A federal judge yesterday sentenced retired New York City police officer Thomas Webster to 10 years in prison for his participation in the January 6 Capitol riots, making it the longest sentence yet handed out in a January 6-related case.
Webster was convicted on five felony charges and one misdemeanor charge for tackling a police officer to the ground and trying to take off his gas mask.
Webster cried as Judge Amit Mehta handed down the sentence, according to CNN. The judge stressed that Webster’s actions broke the police line and allowed the mob to storm the Capitol.
“It is not until you arrived, Mr. Webster, that all hell broke loose,” Mehta said.
“I still remained shocked every time I see it,” he added, referring to video that was played during Webster’s trial that showed him shouting at D.C. police as they struggled to keep the crowd out of the Capitol before he tackled D.C. police officer Noah Rathbun. Webster then forcibly took off the officer’s gas mask, which caused him to choke on tear gas.
“Nobody pushed you forward, you ran,” the judge said.
The jury took just three hours to find Webster guilty on the six charges, and at sentencing Webster begged the judge for “mercy.”
“I just wish the events of Jan. 6 didn’t happen,” he said through tears. “Perhaps our country would not be as divided as it is today.”
He explained that his three children don’t respect him like they used to.
“I can never look at my kids the same way again,” he told the court. “The way they look at me, it’s different now… I was their hero until January 6.”
The judge, though, called Webster out for claiming self-defense during the trial, saying that parts of his testimony were “just not credible” and “utterly fanciful.” Webster even claimed that the police had “waved him in” to the Capitol.
Webster argued that it was a “flight or fight scenario” and that Rathbun, the D.C. officer he tackled, had started the fight.
“You constructed an alternative truth,” Mehta said.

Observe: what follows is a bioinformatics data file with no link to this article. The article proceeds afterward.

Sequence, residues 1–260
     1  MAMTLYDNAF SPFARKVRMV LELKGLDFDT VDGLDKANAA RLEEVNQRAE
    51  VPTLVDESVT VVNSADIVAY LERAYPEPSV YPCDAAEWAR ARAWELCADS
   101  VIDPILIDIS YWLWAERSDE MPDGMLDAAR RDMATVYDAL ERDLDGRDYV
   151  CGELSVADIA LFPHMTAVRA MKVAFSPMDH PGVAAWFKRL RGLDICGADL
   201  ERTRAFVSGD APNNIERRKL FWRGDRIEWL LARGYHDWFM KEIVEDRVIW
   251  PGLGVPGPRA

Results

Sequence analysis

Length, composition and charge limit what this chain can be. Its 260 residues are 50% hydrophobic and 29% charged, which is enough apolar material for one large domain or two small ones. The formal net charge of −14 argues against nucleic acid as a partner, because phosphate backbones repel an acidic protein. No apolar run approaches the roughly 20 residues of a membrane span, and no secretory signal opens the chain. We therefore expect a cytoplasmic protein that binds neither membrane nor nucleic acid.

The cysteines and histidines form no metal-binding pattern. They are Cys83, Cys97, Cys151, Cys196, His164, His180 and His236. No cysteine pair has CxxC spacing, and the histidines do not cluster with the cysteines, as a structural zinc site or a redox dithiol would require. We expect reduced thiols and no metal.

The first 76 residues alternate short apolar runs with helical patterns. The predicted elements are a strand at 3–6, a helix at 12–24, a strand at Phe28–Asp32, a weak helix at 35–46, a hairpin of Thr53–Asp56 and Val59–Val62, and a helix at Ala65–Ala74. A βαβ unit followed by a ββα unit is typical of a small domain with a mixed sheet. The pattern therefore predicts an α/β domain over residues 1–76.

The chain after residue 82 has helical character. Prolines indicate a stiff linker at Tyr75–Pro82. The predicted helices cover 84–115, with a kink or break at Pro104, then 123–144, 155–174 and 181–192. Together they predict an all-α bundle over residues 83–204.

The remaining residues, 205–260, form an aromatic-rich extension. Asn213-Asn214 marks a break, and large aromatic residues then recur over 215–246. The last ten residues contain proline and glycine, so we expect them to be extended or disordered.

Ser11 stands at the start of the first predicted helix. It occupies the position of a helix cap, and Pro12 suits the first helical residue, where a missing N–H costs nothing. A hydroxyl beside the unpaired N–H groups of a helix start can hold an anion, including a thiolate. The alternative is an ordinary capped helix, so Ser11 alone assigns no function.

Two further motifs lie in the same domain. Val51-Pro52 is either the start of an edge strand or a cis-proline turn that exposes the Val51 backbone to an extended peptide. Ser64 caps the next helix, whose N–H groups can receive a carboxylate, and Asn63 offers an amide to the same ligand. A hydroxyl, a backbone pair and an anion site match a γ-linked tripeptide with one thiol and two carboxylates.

“I take no pleasure in doing this. There is no doubt in my mind that your conception of what happened that day and how you described it was utterly fanciful and incredible,” he continued. “The idea that you could sit on that witness stand, under oath, and tell those jurors that the reason you had your hands on his face mask was to show him your hands, to show him you’re not going to hurt him is just not believable.”
The judge also called out Webster for his central role in the events of that day after Webster’s lawyer insisted that he is “such a decent guy.”
“I’m terribly sorry for all of it, but January 6 was not just one day or moment in time,” he said. “It is a day that continues to affect the very fabric of this country and the lives of real human beings, Americans.”
“No doubt about it. You were the one, with extraordinary force, who pulled the officer down,” Mehta said. “And when the barriers opened, nobody pushed you forward. You ran. You charged ahead.”
“Whether you were told the election was stolen or whether you came to believe it on your own, we cannot function as a country if people think they can behave violently when they lose an election.”
After his 10-year sentence, Webster will get three years of supervised release.
Federal prosecutors wanted him to get 17.5 years in prison, the low end of federal sentencing guidelines. Assistant U.S. Attorney Hava Mirell said that Webster’s testimony that “a 20-year NYPD veteran believed he was entitled to retaliate with deadly and dangerous force against the vulnerable and non-violent Officer Rathbun is not only absurd, but dangerous. It may cause others to follow suit and use violence against an officer because of a political grievance.”